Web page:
This is a very small action, ideal for the small table and a quick bit of fun. I have a super little book called ‘We Shall Meet Again’ The first battle of Manassas, by JoANNA M. McDonald and published by Oxford University Press.
It is a wargamers delight. Each part of the battle is covered and each of those parts is broken down into stages, each stage with a map. The part that deals with the battle for Henry Hill is covered in 15 stages and this post just looks at the opening stage, with roughly a brigade per side.
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Stage 1. (1.30 PM to 2 PM).
Keyes (Union), as part of Tyler’s Division had crossed Bull Run and been ordered “to take a battery on a height in front”
Keyes had four regiments and he pushed two of them forwards against the Confederate defenders who were in the vicinity of Robinson house (5th Virginia, Hampton’s Legion and 7th Georgia).
Hampton and 7th Georgia were in danger of being surrounded and they pulled back into woods on their right.
5th Virginia stayed, but without support were forced to also pull back around 100 yards south of Robinson House, seeking cover in woodland to their rear. Here they formed up and gave devastating fire against the Union regiments, laying down intensive fire as their “muskets became hot and fouled”.
With increasing losses, Keyes chose to pull his two lead regiments back and retire the entire brigade to the other side of Young’s Branch. That ended the engagement ..... short and sharp!
For our game, we get the interesting options of what if Keyes had supported the wavering assault with his other two regiments? and for the Confederates, what if Hampton and 7th Georgia had become involved again?
Although a very small engagement, there is also a bit of fun to be had with the Black Powder unit attributes to bring some character to the game and to have a few special rules to stop the players having too much freedom with those extra units that didn’t actually become involved and due to that, together with few units in play and the impact that dice can have in a battle this small, it should give a fairly unpredictable game with several replays possible.
The plan is to do a 4’ x 3’ table with the Perry 28’s and then a 2’ x 3’ pinboard play with the Kallistra 12mm figures. Rules will be Black Powder, which some bits taken from the Glory Hallelujah ACW supplement.
Confederates are Player One.
Fencing at Robinson House and the woods provide cover.
Visibility into the woods is 6”
Units that move more than once in a turn cannot fire in that turn.
When attempting to give orders to 1st and 2nd Connecticut, Keyes’ command rating suffers a -1 in addition to the penalties for any distance involved. Likewise Jackson suffers the same penalty when trying to order Hammond and 7th Georgia. This reflects the historical situation, which saw those units being kept out of the battle.
The table is set up as per the map, but there is no real need to represent the waterway on the table (I didn't). The 3rd Connecticut and 5th Virginia will start within smoothbore musket range of each other and would still be in range (maximum) if 3rd CT dropped back behind the fence. Keyes sets up 1” away from 2nd ME and Jackson sets up 1” away from 5th VA.
I used inches and measurements straight from the rules without any conversion. For the 3' x 2' game, I will halve measurements.
Units have standard stats except as follows;
All units are smoothbore armed, except that 2nd Maine have rifled muskets.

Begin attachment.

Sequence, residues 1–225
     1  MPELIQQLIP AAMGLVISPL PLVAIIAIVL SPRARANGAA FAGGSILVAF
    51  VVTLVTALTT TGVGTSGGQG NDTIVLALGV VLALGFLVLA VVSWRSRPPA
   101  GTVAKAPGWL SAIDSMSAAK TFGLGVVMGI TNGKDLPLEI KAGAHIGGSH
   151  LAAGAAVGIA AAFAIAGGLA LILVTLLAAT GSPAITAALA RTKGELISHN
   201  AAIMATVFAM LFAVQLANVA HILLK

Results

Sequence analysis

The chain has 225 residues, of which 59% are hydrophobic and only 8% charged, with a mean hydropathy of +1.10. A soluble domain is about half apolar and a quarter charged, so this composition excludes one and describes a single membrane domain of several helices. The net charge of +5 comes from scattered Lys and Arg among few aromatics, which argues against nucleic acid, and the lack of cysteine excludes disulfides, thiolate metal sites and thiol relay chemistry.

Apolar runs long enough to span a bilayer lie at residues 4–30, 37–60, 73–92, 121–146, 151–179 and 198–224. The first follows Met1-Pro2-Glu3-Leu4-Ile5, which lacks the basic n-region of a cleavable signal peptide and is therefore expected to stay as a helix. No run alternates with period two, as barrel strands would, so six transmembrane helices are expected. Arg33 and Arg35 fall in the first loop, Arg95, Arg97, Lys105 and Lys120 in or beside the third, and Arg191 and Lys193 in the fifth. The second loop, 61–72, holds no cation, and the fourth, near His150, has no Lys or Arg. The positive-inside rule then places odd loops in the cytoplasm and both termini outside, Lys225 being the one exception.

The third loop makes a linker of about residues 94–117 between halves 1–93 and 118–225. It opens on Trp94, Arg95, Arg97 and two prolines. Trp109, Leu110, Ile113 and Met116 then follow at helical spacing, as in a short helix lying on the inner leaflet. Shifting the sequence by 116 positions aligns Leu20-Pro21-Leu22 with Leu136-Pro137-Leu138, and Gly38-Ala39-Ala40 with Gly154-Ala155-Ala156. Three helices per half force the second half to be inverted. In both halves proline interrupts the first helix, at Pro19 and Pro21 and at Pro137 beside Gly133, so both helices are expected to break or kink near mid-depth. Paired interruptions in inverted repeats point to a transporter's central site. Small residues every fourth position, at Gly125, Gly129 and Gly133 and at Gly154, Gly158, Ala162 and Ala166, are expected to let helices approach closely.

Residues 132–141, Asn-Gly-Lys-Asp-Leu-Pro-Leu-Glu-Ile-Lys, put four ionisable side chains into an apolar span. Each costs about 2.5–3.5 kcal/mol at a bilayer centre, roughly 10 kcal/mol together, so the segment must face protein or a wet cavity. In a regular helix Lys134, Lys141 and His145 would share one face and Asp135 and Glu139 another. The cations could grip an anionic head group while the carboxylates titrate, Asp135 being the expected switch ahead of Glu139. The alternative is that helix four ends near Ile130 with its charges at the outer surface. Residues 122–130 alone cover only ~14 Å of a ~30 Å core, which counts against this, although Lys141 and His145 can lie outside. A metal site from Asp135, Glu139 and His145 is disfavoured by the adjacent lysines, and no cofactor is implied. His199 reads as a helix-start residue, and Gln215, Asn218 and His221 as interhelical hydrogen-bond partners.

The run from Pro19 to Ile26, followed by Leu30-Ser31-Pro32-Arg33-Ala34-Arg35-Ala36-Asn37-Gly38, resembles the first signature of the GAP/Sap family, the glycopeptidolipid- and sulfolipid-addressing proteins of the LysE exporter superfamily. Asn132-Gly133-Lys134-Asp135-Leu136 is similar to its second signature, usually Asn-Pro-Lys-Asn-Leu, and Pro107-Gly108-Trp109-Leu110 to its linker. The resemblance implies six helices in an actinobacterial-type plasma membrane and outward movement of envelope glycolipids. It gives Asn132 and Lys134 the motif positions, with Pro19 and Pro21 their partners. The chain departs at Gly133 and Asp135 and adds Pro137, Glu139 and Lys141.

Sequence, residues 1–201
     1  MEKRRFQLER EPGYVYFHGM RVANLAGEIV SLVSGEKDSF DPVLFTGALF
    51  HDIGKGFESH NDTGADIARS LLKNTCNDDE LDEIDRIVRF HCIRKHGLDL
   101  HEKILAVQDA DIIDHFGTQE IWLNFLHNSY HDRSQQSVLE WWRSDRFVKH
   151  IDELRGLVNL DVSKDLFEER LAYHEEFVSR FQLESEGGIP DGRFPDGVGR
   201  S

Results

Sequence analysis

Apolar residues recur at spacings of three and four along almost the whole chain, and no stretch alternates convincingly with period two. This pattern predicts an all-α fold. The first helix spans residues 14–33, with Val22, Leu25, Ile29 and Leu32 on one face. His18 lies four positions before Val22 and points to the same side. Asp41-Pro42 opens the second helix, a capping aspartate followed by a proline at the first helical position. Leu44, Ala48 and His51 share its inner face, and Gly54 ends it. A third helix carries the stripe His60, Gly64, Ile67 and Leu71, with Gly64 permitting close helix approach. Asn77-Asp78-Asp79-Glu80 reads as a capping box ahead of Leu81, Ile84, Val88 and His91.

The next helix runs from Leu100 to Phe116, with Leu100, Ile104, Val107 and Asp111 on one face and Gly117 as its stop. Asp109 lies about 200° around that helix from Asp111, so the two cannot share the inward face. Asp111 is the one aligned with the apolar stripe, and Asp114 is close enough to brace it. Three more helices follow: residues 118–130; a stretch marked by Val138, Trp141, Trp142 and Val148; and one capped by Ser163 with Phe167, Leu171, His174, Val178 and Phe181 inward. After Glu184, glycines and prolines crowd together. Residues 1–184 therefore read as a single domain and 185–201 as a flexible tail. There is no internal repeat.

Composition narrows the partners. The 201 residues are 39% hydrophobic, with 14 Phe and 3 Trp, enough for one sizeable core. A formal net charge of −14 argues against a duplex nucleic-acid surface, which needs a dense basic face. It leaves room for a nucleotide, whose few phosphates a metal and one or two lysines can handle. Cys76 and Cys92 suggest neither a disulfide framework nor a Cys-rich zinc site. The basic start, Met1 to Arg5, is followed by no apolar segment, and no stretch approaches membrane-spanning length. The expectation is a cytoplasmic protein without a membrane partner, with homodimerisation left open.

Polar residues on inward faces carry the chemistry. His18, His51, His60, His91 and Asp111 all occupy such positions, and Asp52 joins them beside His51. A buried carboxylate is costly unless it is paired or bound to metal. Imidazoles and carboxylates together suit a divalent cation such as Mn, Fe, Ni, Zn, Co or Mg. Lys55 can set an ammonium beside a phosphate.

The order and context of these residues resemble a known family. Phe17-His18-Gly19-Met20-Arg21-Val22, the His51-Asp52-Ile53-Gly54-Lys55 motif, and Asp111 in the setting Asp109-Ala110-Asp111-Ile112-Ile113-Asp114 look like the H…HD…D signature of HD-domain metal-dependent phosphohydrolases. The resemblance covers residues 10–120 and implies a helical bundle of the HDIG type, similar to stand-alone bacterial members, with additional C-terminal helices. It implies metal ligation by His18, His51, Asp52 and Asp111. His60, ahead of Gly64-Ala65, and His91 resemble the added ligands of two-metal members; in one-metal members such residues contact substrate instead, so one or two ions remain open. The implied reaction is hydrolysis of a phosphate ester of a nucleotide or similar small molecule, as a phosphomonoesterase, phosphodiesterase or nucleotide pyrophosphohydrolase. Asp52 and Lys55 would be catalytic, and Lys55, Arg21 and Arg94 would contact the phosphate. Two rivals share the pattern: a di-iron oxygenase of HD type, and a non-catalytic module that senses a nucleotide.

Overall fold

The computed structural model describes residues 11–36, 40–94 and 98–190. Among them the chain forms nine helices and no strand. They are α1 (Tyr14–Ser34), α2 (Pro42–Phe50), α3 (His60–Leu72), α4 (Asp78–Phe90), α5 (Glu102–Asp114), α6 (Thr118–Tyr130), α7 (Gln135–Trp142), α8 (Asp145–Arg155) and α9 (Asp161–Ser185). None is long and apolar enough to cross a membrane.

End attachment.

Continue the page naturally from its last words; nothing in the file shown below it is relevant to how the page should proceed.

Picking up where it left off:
All units have stamina 2 except that 2nd Maine and 5th Virginia who are rated 3 (better).
1st, 2nd and 3rd Connecticut have hand-to-hand values reduced from 6 to 5.
5th Virginia are given the characteristics of ‘Tough fighters’ and ‘Pour it on boys’.
Keyes has a command rating of 7.
Jackson has a command rating of 8.
Both side’s forces count as being a single Brigade. The brigade immediately breaks when two of its regiments are removed from play. The side not broken immediately wins the game.
After Action Report.
The game played for longer than I thought it would, with musket fire traded back and forth, hoping for advantage and all the while with both sides trying to get their unengaged units into the action. The command penalty and the distance from the leaders meant that these took a while to get going and were tardy at best throughout the game.
The Brigade Commanders command range is stretched in this scenario and they generally need to stay at the heart of the action to help keep key units rallied.
The Confederates essentially stayed in the woods, while the Union were exposed in the open and despite the attempts of Keyes to keep his troops spirits up, it was the Union troops who took the greater casualties and disorder results.
Eventually, both 3rd Connecticut and 2nd Maine broke and left the field, forcing the rest of the brigade to break as well.
Having played once, I think the Union mistake was that 3rd Connecticut should have fallen back slightly to get cover from the fence at Robinson House, while their other regiments gathered to form a cohesive line. Though if 5th VA had seen that happening, they may have been tempted to make a pre-emptive assault against the 3rd Connecticut position.
Having all the units rated as Stamina 2 except for two of them being 3 (better) added some local interest and together with VA’s other attributes, would have made them an interesting counter-attack force. Stamina 2 makes both sides nervous as to their ability to stay in the field, which probably reflects the subject quite well.
Overall, the game did feel like an early 1861 engagement and passed a pleasant hour. This would make a good midweek game. Now to try in on the 3’ x 2’ space with a smaller scale, I might drag the hexes out and try out a ‘Two Flags - One Nation’ bit of action with 12mm forces.
|Hampton and 7th GA boxed in at the woods|